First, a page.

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I've been on the internet for quite a while now, I can safely say. I've come across countless of interesting threads from sites like Quora, Reddit, or here. I've also encountered many users who are really good in their English, judging from how they present their opinions or questions.

This is one of the examples (first answer by Ben Kovitz or the question by Canada Area 51 Proposal, they display abilities of good writing)

How to overcome sequences of negative words which still cripple my comprehension?

In general, I can grasp what they're trying to say. But, when in comes to writing, I just can't. I have many ideas, in fact, great ideas. But, the problem is that I can't put them all in sentences and paragraphs coherently, let alone writing good essays.

I would like to write very naturally and fluently like how people on the internet do.

  • I think your writing in general is fine. So I think, maybe you can improve this question by adding what you can see in those writing examples you think are good, or even great, but not in yours. – Damkerng T. Feb 23 '17 at 15:24
  • A lot of people find precis a useful way of honing their writing skills. Take a 500 word article and cut it down to 100 words. It makes you think really hard about what is important and what's the best way to say something concisely. – JavaLatte Feb 23 '17 at 15:25
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Oh, goodness. English is my mother tongue. I comprehend it very well and write it fairly well, too. I also understand French pretty well.

When I'm writing English, I ask myself questions like, "What is the best way to say this, out of many options?" When I'm trying to write French, my questions are more along the lines of, "Do I know any way of saying this, or if I know of more than one, do I even know, for certain, which one is better?"

The difference is that I have read thousands of books in English and have spoken it almost every day of my life. I think if you get to the point where you feel like you have many options about exactly how you want to say something in English, and you can understand the nuances between your many options, you will probably also be at a point where you can answer your own question.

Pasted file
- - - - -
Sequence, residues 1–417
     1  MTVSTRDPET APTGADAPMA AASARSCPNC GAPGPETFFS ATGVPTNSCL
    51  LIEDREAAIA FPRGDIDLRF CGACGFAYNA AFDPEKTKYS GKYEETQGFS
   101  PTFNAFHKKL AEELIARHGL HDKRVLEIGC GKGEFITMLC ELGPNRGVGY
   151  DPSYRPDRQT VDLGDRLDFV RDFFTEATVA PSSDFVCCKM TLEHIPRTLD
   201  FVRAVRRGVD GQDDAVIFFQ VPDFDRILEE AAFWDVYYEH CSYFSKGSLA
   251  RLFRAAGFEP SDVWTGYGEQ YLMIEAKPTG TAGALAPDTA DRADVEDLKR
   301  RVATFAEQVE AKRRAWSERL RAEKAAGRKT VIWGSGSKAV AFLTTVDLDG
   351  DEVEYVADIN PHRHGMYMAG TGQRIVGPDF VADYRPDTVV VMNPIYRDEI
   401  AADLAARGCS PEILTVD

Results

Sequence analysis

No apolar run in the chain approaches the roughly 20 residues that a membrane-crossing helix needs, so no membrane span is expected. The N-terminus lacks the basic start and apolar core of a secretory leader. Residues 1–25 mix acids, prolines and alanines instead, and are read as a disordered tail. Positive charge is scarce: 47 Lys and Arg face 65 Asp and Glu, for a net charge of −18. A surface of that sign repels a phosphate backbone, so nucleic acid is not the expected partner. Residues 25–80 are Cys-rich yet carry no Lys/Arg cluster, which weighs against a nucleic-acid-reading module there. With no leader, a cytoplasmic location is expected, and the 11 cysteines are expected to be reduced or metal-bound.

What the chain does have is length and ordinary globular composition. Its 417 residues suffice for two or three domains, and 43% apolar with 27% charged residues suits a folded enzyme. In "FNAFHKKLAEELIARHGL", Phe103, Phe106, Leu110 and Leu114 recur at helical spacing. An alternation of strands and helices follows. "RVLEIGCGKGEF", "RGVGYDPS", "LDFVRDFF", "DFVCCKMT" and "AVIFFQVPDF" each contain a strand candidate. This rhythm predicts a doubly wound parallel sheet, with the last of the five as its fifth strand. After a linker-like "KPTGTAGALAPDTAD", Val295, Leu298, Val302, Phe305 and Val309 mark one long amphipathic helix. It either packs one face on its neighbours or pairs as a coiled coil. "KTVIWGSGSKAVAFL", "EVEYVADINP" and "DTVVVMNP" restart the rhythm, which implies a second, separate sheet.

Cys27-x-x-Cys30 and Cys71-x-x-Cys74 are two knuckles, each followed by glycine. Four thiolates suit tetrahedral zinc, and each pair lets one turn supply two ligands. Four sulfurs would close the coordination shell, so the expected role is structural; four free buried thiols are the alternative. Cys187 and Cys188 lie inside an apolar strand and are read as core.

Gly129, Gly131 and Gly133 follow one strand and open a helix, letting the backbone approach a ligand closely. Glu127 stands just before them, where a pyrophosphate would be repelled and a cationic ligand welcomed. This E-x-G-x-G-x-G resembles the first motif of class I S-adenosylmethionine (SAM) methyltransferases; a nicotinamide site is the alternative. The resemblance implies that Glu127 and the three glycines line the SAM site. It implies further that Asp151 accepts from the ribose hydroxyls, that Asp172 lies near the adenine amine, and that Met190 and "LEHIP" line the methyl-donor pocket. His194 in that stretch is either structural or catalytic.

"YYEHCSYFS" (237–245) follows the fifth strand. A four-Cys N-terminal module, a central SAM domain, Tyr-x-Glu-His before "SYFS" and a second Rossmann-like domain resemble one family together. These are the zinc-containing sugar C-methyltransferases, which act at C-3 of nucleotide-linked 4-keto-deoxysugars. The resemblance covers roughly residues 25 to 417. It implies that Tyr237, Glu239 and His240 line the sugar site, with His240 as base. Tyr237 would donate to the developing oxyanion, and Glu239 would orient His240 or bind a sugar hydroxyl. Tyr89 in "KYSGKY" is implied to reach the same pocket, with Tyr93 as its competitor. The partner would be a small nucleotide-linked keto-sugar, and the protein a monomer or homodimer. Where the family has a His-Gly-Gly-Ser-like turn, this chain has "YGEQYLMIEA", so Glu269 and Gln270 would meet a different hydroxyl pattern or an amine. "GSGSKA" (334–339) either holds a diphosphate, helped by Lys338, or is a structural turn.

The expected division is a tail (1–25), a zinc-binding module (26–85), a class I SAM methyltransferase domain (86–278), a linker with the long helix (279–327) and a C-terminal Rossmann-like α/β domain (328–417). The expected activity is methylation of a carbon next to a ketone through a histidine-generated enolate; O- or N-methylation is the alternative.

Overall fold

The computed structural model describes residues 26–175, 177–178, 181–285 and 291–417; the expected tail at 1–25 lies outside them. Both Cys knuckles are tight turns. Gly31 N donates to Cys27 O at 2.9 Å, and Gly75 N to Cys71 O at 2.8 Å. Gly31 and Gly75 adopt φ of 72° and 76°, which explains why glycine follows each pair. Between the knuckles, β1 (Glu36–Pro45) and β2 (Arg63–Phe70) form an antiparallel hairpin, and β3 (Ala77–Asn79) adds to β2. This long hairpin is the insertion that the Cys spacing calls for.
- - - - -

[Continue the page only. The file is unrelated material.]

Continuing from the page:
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I'd suggest keeping your sentences simple. Do not worry about adding any unnecessary words (fantastic, gorgeous, weighty), unless that is why you are commenting. ("Did you enjoy the scenery?" "Yes, the waterfalls were gorgeous there.")

Precise language is always good. If you know the word hemoglobin and you are among others that do, saying red blood cells makes no sense and not only because it is not accurate.

The other things to try are:

  • Keep reading. The more you read, the more you can understand why another writer might have chosen to 'put it that way'.
  • Keep writing. There are tons of sites that explain exercises and truthfully, the more you exercise anything, the better likely you are to improve.

I'd suggest you start by editing your question. There are at least two areas that could use improvement, and yes, I understood you perfectly.

One of the best pieces of advice came to me via my author husband, who was told by the great Asimov -- to 'just write it'. Asimov was a master crafter in simple, straightforward language and simply 'telling the story'.

You could also try book reporting. You read something and write about the story. Your exercise might be 500 words or 2000, that is up to you. This is an exercise and not for publishing.

There is a Writer's Stack Exchange. I tried but did not find them particularly helpful, but you might. You need to find a group that works for you.

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To write well requires re-writing. First, you write or sketch what you initially think you want to say. And then you revise, perhaps several times, until it says what you finally want to say exactly, grammatically, and persuasively.

Your example of a good answer is well chosen, but it was not dashed off in a few minutes. Writing well is work, often satisfying, but requiring time, patience, and concentration.

One habit I have found useful is to take a break after I think I have a final draft and then, after a delay, do one more re-write. How long a delay? If it is a fairly casual email, time enough to go downstairs to get a fresh cup of coffee. If it is a complex and important document not due today, the next morning.

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